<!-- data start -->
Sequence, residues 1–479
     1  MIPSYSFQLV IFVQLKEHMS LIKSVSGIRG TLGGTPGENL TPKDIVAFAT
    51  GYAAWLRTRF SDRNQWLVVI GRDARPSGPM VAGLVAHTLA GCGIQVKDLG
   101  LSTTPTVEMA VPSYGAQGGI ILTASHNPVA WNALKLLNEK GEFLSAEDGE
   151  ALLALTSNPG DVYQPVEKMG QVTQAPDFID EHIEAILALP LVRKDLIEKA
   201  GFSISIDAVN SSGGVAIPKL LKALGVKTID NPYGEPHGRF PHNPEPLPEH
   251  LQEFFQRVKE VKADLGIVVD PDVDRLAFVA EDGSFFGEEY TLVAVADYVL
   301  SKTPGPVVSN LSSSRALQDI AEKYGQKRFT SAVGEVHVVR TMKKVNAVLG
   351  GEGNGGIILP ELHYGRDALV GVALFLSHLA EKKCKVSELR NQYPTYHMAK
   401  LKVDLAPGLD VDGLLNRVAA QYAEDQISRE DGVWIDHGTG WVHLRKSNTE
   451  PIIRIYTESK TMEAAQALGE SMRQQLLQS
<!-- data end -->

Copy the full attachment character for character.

Sequence, residues 1–479
     1  MIPSYSFQLV IFVQLKEHMS LIKSVSGIRG TLGGTPGENL TPKDIVAFAT
    51  GYAAWLRTRF SDRNQWLVVI GRDARPSGPM VAGLVAHTLA GCGIQVKDLG
   101  LSTTPTVEMA VPSYGAQGGI ILTASHNPVA WNALKLLNEK GEFLSAEDGE
   151  ALLALTSNPG DVYQPVEKMG QVTQAPDFID EHIEAILALP LVRKDLIEKA
   201  GFSISIDAVN SSGGVAIPKL LKALGVKTID NPYGEPHGRF PHNPEPLPEH
   251  LQEFFQRVKE VKADLGIVVD PDVDRLAFVA EDGSFFGEEY TLVAVADYVL
   301  SKTPGPVVSN LSSSRALQDI AEKYGQKRFT SAVGEVHVVR TMKKVNAVLG
   351  GEGNGGIILP ELHYGRDALV GVALFLSHLA EKKCKVSELR NQYPTYHMAK
   401  LKVDLAPGLD VDGLLNRVAA QYAEDQISRE DGVWIDHGTG WVHLRKSNTE
   451  PIIRIYTESK TMEAAQALGE SMRQQLLQS